Graham’s Rib Station & Cabins, legendary for providing a safe haven—and for its mouth-watering barbecue
Just off Chestnut Expressway in Springfield, planted between a T-shirt printing shop and an accounting firm, there’s a Chinese restaurant, painted red and yellow. The constant rumble of traffic from the four-lane expressway gives the impression that the spot has always been busy. But back in the days when Chestnut was a smaller street, the smell of barbecue smoke and an irresistible blend of spices wafted through the air. It was coming from Graham’s Rib Station and Cabins. Although the barbecue restaurant is long gone, Graham's lives on as a designated site on the Springfield-Greene County African American Heritage Trail.
Alma Clay, who’s 95 years old, ate at Graham’s during its heyday in the 1940s and ’50s. She says back then, everybody in Springfield's African American community went there.
“The best barbecue I think I ever ate was at Graham’s,” Clay said.
Fellow Springfield native and former City Councilman Denny Whayne said the Graham's made “probably the best barbecue in the world.”
Graham’s was founded at the height of the Great Depression in 1932. It was built by James and Zelma Graham, an African American couple who withdrew their savings to open the restaurant just a few days before the banks closed, according to their daughter Elaine Graham Estes in an interview with Missouri State University in 2014.
Norma Duncan, who is 82 years old, also grew up with Graham’s ribs. She remembers that it was always busy, with cars lined up near the small restaurant and down Washington Avenue.
“Daddy used to take me up to Graham’s for a barbecue sandwich and stuff like that after integration," Duncan remembers. "And my mother would get so mad at him for doing that because she had a good meal cooked at home."
When segregation was still the law of the land, Duncan says Black people could eat inside Graham's restaurant because it was owned and operated by African Americans—but even then, Black families had to leave their tables and exit the building if a white family entered and wanted to eat there. Duncan says a lot of African Americans like her just ate their food in their cars.
The restaurant was famous for its special barbecue sauce. Alma Clay says it was so good it drew customers far away from Springfield.
“They patented their sauce," Clay said. "And once a year my nephew would come from St. Louis and buy a year’s supply of their barbecue sauce.”
Wes Pratt grew up in Springfield, and he's helped design the African American Heritage Trail that Graham’s Rib Station is a part of. He says the success of the Grahams’ restaurant made them role models in Springfield’s Black community.
“They were just some significant entrepreneurs and businesspeople," Pratt told KSMU. "And a lot of folks looked up to them because of the fact that they had an ongoing business.”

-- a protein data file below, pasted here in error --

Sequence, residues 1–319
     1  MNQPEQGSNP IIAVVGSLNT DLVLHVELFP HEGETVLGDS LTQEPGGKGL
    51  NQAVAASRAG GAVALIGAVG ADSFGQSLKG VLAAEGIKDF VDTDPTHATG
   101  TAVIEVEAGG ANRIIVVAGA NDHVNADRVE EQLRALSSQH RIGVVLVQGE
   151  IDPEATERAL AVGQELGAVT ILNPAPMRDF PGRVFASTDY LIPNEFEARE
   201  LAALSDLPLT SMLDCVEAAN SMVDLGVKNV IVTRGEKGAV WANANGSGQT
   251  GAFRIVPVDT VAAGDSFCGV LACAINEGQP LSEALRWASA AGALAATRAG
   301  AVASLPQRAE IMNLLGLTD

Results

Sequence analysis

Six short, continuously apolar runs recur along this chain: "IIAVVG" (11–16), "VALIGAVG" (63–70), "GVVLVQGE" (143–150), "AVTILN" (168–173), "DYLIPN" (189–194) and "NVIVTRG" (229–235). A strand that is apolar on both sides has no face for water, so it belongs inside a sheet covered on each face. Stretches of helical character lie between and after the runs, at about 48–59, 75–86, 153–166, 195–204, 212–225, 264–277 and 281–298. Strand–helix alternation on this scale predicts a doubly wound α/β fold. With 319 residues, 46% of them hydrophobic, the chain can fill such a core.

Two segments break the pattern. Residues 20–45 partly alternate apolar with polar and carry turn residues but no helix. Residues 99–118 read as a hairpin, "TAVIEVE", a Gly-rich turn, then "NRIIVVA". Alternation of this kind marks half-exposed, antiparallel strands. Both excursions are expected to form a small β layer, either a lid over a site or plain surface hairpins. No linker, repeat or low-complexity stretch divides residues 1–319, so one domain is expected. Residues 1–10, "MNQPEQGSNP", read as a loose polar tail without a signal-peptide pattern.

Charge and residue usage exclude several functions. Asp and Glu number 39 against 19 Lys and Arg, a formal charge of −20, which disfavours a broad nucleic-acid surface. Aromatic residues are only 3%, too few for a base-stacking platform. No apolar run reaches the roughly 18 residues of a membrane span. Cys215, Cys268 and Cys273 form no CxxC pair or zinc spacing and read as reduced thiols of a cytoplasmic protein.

James and Zelma Graham also built a series of cabins behind their restaurant during World War II so that Black soldiers who were stationed at Fort Leonard Wood would have a place to stay in town. Graham’s was only one of two locations in Springfield where Black travelers were legally allowed to stay during the days of segregation.
Pratt says the cabins also hosted Black musicians and actors, many of whom performed at the Shrine Mosque downtown.
“The motel, of course, was where Black personalities, particularly entertainers, they could come to Springfield, but they couldn’t stay in the hotels back in the day," Pratt said. "You’re talking about before desegregation and when segregation was legal. So in their heyday, when they could perform in white venues—and perhaps Black folks couldn’t go see them. But they still weren’t allowed to have a hotel room in Springfield so they would stay at the Graham’s.”
Celebrities who stopped by the Graham’s restaurant include actress Pearl Bailey and composer Duke Ellington. The all-Black Kansas City Monarchs would also visit during away games in Springfield.
James Graham died in the 1950s after more than 20 years with the restaurant. His wife, Zelma, would go on to run the business for another astonishing 40 years herself, eventually selling the building in 1995. Zelma Graham died in 2010 at the age of 106.
Wes Pratt says it’s important to remember the Grahams and other prominent Black leaders in Springfield--and to be reminded of the challenges they were forced to overcome to improve their lives and communities.
“You know these people when you were growing up, when you were a young boy and you didn’t understand at the time you were growing up that these folks had made historical contributions," Pratt spoke of his childhood in Springfield. "Now that I’m a senior citizen and I look back at the history of Springfield, I can take particular pride in the fact that I knew a lot of the people that were the stalwarts of the African American community.”